George Fox, born the son of a weaver in Leicestershire, England, like others found little to sustain him in contemporary religion. At the age of 19, he began his search for truth and founded a movement that before his death in 1691 numbered over 50,000 members in England alone.

Fox had little formal education but possessed a fertile and active mind. As a youth, he suffered from what he called a “temptation to despair,” even of his faith in God. In this spiritual condition he received no help from those clergy he consulted. After several years of seeking and great inward crisis, he received the first of many inner, spiritual illuminations, which he referred to as “openings.” He wrote of this experience, one that proved to be the turning point in his search:

When all my hopes in them [the clergy] and in all men, were gone, so that I had nothing outwardly to help me, nor could I tell what to do, then, O! then I heard a voice which said, “There is one, even Christ Jesus, that can speak to thy condition,” and when I heard it, my heart did leap for joy.

This was first-hand religious experience like Paul’s vision and experience of Christ 1,600 years earlier.

Periods of depression still tempted Fox, but less often. His openings led him in a very personal, direct way into a new life. He reported one of these revelations:

I saw the infinite love of God. I saw also that there was an ocean of darkness and death; and an infinite ocean of light and love, which flowed over the ocean of darkness. In that also I saw the infinite love of God.

Another opening showed him

That every man was enlightened by the Divine Light of Christ ... and that they that believed in it came out of condemnation and came into the Light of Life, and became children of it.

Through these experiences Fox received his life’s mission, one centered in the living Christ. In the Old Testament, Fox had read of the prophets’ expectation of Christ, and in the New Testament, he had learned of Christ’s historical appearance. Now that which he had known by report became his own experience. He knew the Christ Within; he became Christ’s disciple. He had come to know the same spirit that those who wrote the Bible had known:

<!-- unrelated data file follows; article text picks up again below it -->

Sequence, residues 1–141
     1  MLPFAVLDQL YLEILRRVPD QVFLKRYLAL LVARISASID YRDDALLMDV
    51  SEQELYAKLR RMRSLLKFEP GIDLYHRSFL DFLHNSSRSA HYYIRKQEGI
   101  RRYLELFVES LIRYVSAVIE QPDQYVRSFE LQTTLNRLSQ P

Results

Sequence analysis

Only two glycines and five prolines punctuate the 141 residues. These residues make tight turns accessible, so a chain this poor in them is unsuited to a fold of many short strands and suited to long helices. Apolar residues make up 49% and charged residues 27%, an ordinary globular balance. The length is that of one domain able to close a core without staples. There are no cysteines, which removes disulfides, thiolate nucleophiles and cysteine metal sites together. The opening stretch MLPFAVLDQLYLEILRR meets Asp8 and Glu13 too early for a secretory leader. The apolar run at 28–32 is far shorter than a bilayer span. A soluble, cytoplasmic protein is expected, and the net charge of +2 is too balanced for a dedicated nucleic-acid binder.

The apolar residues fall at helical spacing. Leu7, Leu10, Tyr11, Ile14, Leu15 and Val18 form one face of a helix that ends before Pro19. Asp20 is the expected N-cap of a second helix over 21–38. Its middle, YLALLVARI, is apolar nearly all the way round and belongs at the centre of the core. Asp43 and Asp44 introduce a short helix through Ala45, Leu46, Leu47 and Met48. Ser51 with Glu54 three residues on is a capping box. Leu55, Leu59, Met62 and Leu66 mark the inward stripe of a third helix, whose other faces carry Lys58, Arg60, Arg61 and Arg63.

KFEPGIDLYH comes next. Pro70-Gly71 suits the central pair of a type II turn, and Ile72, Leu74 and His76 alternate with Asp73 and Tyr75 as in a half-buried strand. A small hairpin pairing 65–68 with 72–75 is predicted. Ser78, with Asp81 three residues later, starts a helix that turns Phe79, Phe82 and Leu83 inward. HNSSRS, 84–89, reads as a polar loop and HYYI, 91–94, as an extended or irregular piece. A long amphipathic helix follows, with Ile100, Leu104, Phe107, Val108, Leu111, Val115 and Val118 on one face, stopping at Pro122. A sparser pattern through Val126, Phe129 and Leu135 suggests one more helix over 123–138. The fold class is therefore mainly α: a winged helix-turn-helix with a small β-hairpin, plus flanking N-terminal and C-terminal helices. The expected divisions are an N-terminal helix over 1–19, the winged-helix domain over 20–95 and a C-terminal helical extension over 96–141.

For though I read the Scriptures that spoke of Christ and of God, yet I knew him not, but by revelation, as He who hath the key did open, and as the Father of life drew me to His Son by His Spirit.

This divine spirit, this inward light, was both illumination and inspiration, a voice to be heard and obeyed. Looking back upon his own experience, Fox declared that anyone who has not experienced the light stands in darkness, regardless of creed or moral righteousness. He preached that Christ had come to teach his people himself.

The mission to which he was called and upon which he entered in the year 1647 was, he wrote, “to turn people to that Inward Light, Spirit, and grace, by which all might know their salvation and their way to God—even that Divine Spirit which would lead them into all truth.” His earliest associates were called Children of the Light. “I was sent to turn people away from darkness to the light that they might receive Christ Jesus; for, to as many as should receive him in this light, I saw that he would give power to become sons of God; which power I had obtained by receiving Christ.”